Samsung Recalls 2.8 Million Washing Machines After 730 Reportedly Explode

Samsung, with the help of the United States Product Safety Commission, have recalled 2.8 million top-loading washing machines after reports that 730 of the machines have exploded.

The explosions have resulted in the injury of nine people, with one detailing a washer lid that “flew off and hit a woman in the back, causing her to ‘collide into a cabinet.'”

“We’re talking about… a very serious hazard of the top of these washing machines completely blowing off,” said CPSC Chairman Elliot Kaye about the problem, which has affected 34 models between March 2011 and November 2016. “It is a lot of reports.”

“This is the real world for me,” he continued. “I’ve got two young boys. This would scare the heck out of me, which is why we hope parents and others take advantage of this recall.”

“All of the sudden, without warning the washing machine just exploded,” said one woman who was involved in a Samsung washing machine accident. “It was the loudest sound. It sounded like a bomb went off in my ear.”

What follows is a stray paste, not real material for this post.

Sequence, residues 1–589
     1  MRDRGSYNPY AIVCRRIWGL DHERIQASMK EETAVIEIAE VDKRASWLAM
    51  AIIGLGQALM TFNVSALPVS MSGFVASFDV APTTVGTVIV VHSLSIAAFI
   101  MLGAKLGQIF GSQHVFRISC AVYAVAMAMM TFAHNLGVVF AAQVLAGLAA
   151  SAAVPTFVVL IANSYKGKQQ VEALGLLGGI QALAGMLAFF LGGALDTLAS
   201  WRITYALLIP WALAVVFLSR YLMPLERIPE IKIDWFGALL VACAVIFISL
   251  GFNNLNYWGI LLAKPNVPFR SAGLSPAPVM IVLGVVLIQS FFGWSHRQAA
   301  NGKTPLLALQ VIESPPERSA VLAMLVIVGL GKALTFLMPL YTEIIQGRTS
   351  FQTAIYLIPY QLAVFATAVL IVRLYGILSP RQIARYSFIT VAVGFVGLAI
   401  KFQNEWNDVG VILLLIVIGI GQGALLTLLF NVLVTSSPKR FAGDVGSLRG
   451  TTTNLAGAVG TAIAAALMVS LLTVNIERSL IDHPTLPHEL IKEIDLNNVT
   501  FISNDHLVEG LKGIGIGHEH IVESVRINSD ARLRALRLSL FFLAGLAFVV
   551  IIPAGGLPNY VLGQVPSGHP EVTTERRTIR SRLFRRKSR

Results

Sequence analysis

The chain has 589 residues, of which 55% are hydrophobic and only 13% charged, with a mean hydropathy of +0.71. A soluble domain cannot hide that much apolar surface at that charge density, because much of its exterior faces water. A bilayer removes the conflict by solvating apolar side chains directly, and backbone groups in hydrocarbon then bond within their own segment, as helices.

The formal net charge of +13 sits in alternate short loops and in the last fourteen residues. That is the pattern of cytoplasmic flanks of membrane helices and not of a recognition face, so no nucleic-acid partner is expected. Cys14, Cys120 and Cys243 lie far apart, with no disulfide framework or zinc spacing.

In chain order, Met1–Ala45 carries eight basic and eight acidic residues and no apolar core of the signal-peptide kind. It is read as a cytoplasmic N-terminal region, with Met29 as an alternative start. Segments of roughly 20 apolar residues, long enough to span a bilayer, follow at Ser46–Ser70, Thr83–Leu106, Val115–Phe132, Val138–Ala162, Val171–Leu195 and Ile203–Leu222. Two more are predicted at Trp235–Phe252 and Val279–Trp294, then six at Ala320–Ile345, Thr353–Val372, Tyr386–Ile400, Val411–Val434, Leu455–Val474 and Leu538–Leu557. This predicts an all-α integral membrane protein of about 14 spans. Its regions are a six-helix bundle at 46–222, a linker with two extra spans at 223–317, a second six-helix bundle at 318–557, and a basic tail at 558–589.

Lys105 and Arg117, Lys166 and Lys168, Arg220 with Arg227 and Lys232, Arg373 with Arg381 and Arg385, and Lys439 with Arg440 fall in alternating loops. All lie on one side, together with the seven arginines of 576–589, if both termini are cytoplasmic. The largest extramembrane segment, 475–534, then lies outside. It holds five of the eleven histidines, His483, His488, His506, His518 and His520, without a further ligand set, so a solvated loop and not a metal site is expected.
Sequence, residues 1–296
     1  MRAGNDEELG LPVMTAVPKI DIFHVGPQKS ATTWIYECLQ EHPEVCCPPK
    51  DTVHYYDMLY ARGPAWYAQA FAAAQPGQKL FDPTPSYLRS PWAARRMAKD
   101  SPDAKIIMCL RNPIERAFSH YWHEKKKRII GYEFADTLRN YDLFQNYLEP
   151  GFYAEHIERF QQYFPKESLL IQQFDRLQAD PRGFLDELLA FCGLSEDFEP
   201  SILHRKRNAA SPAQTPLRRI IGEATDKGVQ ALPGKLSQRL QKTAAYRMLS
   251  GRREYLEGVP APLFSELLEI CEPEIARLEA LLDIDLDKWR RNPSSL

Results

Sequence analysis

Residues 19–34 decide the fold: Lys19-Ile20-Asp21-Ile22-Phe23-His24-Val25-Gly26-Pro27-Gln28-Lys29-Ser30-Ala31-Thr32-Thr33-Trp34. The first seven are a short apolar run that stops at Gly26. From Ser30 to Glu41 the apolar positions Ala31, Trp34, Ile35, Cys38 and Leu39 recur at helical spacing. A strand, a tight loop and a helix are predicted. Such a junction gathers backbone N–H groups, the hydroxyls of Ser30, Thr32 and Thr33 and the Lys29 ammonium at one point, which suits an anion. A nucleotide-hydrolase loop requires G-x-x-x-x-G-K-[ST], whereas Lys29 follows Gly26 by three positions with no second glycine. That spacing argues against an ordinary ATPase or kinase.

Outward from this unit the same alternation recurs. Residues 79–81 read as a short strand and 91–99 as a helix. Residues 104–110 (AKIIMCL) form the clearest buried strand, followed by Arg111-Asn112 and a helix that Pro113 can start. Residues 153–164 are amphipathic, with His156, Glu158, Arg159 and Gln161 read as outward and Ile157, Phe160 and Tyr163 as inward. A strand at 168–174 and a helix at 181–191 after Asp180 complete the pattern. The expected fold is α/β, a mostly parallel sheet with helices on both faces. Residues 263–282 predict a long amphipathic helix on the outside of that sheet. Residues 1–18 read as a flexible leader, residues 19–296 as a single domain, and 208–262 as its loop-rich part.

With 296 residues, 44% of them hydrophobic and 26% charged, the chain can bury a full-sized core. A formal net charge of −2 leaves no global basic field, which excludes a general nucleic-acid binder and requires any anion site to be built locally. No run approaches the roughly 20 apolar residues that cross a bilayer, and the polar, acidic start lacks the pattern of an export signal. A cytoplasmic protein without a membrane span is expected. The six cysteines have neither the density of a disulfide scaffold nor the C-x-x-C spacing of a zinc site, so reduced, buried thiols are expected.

“I just remember covering my head and leaning towards my son and just screaming this scream that I didn’t even know I could scream,” she continued.

“Samsung is moving quickly to offer safe and easy choices to consumers impacted by the recall,” claimed Samsung in a statement. “Our priority is to minimize any safety risk and address the conditions that lead to the rare instance when the top of the washer unexpectedly separates from the unit.”

“We apologize for the inconvenience this is creating to our loyal customers,” they concluded. “We have worked closely with the CPSC to offer a consumer friendly recall that is safe, easy and complete with choices suited to the needs of anyone who may own a recalled machine. Our service teams are now scheduling visits to consumers’ homes to conduct free repairs and help resolve any concerns they may have.”

In September, Samsung recalled their Galaxy Note 7 smartphone after 35 of the devices also exploded. The problem was blamed on the phone’s batteries, and numerous parodies were made afterwards, including a mod-creator who added the phone as an explosive to Grand Theft Auto V.

Charlie Nash is a reporter for Breitbart Tech. You can follow him on Twitter @MrNashington or like his page at Facebook.


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